Ecker chides foes of growth, urges planning Executive warns of 'elitist' fate if county stands still

January 13, 1993|By James M. Coram | James M. Coram,Staff Writer

County Executive Charles I. Ecker scolded no-growth advocates yesterday, saying he does not want Howard County to become an elitist bedroom community.

"You show me a county that is not growing and I'll show you a poor county," Mr. Ecker said in his State of the County speech to the Chamber of Commerce.

"The reason growth is so divisive is that there has not been a long-range plan" outside of Columbia, Mr. Ecker said in the 29-minute speech at a Columbia hotel. "We need to plan for areas to be developed in a certain way even though it might not happen for 20 years. We cannot defer making a decision on an area until just a few years before it is to be developed."

If the county does not plan in a comprehensive way, "we will have a county of piecemeal, haphazard zoning," Mr. Ecker said. TC "We will become an aristocratic county with strip shopping centers and unplanned development -- a county where our children will be unable to afford to live."

The county's mix of residents and businesses is out of balance, Mr. Ecker said. His goal is to have a mix of 70 percent residential and 30 percent business, commercial and industrial properties, he said.

The county is now 78 percent residential. When homes account for more than 75 percent of the assessable base, the county must increase the property tax rate, cut services or do both, he said.

Mr. Ecker called for more construction of apartments and town houses. Residential building approached the General Plan target of 2,500 units in the past year, he said, but "single family detached homes represented a disproportionate share of new units."

The building of single-family homes caused the population to grow faster than projected, Mr. Ecker said, leading to increased numbers of school children.

"If there were a higher proportion of town houses or apartments, there would be less school-age children," he said.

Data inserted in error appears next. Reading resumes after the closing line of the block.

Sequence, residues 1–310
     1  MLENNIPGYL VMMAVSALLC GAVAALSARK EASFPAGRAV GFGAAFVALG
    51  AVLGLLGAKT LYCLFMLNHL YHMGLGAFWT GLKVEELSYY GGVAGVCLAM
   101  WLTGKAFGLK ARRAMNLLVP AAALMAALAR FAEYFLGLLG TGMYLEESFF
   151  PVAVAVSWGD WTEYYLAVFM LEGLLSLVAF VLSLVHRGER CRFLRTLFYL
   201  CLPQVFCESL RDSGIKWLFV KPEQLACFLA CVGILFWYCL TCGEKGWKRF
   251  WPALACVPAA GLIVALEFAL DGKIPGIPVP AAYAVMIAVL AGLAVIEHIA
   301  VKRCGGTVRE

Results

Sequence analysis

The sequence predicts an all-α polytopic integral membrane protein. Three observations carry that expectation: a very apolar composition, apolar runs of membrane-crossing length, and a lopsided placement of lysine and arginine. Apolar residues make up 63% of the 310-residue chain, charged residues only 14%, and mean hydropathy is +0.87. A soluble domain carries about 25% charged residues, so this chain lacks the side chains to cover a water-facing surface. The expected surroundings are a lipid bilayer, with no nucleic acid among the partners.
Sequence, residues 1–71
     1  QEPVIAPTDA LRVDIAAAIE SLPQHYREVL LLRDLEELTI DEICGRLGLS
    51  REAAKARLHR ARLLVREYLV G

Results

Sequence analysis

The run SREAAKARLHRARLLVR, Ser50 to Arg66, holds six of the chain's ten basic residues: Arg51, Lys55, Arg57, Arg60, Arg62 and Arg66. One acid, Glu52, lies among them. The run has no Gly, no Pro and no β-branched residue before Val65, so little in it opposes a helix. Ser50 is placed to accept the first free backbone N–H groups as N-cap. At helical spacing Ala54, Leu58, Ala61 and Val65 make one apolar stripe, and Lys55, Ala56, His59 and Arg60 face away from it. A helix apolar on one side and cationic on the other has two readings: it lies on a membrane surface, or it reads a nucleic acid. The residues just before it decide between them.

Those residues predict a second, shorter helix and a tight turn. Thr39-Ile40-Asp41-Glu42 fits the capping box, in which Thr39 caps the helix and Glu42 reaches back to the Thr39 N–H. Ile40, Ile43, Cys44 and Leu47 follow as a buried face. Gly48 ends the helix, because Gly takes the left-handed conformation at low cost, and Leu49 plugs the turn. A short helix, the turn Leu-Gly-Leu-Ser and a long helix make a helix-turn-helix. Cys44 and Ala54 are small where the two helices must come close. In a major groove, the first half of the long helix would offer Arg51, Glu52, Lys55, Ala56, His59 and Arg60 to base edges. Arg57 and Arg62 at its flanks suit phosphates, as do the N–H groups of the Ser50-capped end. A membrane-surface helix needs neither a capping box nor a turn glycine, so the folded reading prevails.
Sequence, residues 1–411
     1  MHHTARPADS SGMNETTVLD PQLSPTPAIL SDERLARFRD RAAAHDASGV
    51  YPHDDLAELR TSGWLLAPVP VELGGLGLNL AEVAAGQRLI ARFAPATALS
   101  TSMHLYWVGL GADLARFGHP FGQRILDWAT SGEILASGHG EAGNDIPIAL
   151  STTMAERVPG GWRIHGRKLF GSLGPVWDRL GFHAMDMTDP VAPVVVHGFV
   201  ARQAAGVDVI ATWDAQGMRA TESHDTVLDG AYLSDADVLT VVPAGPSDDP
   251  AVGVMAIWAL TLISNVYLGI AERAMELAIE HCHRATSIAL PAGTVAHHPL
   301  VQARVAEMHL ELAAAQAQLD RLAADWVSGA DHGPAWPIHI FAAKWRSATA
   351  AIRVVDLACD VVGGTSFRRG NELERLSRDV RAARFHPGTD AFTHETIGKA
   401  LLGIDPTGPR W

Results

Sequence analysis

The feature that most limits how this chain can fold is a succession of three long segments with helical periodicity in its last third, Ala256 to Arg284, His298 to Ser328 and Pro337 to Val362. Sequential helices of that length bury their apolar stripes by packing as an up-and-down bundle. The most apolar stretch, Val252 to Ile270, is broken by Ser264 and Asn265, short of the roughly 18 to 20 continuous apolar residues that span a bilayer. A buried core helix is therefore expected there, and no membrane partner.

"It is unrealistic to think that any land zoned one house to three acres in the planned water and sewer district will remain that way," Mr. Ecker said. "It will not."

Mr. Ecker seemed to be making a veiled reference to Waverly Woods II, a golfing, commercial and residential village that developers want to build on 682 acres near Marriottsville Road and Interstate 70. The site is in the water and sewer district, but is zoned for one house per three acres.

The developer sought a change to allow a variety of land uses, including town houses and apartments. Residents opposed the change through 16 days and nights of hearings over seven months. The Zoning Board has yet to rule on the request.

No issue has polarized the county as much as the growth, Mr. Ecker said. On the one side are " 'the no-growthers -- or as they liked to be called responsible growth advocates.' " On the other are the "planned, managed, phased-growth proponents," he said.

"One of the easiest things in the world is to be against something," he said. "We have to start standing up and be for something. By pooling our knowledge, by sharing our diversity of viewpoints, and by taking the time to listen to every side of an issue, we can find workable solutions to our challenges."

Mr. Ecker urged residents to become positive thinkers and offered some acronyms to help them along. Instead of NIMBY -- Not In My Back Yard -- the county needs YIMBY -- Yes, In My Back Yard -- and HEROS -- Hear Everything, Respect Other Sides, he said.

In addition to dealing with the growth issue, Mr. Ecker told his audience of 190 people that the county must deal differently with trash disposal and recycling.

Escalating costs of trash collection and recycling must be passed on to county residents in a fair and equitable manner, he said. "The current method of paying for trash disposal from the property tax must be changed."

Mr. Ecker said the county must compromise on a way to dispose of trash. "Everyone wants you to pick up their trash, but no one wants you to put it down," he said. Regardless, shipping trash out of the county is not a viable option, he said. "We must be responsible for our own actions."

Mr. Ecker did not mention the county's mounting fiscal crisis other than to say the county must not mortgage its future with long-term debt. "To obtain true, long-term fiscal stability, we must continue to redefine the proper role of government," he said. "When a problem arises, government should be the last resort to implement a solution, not the first."

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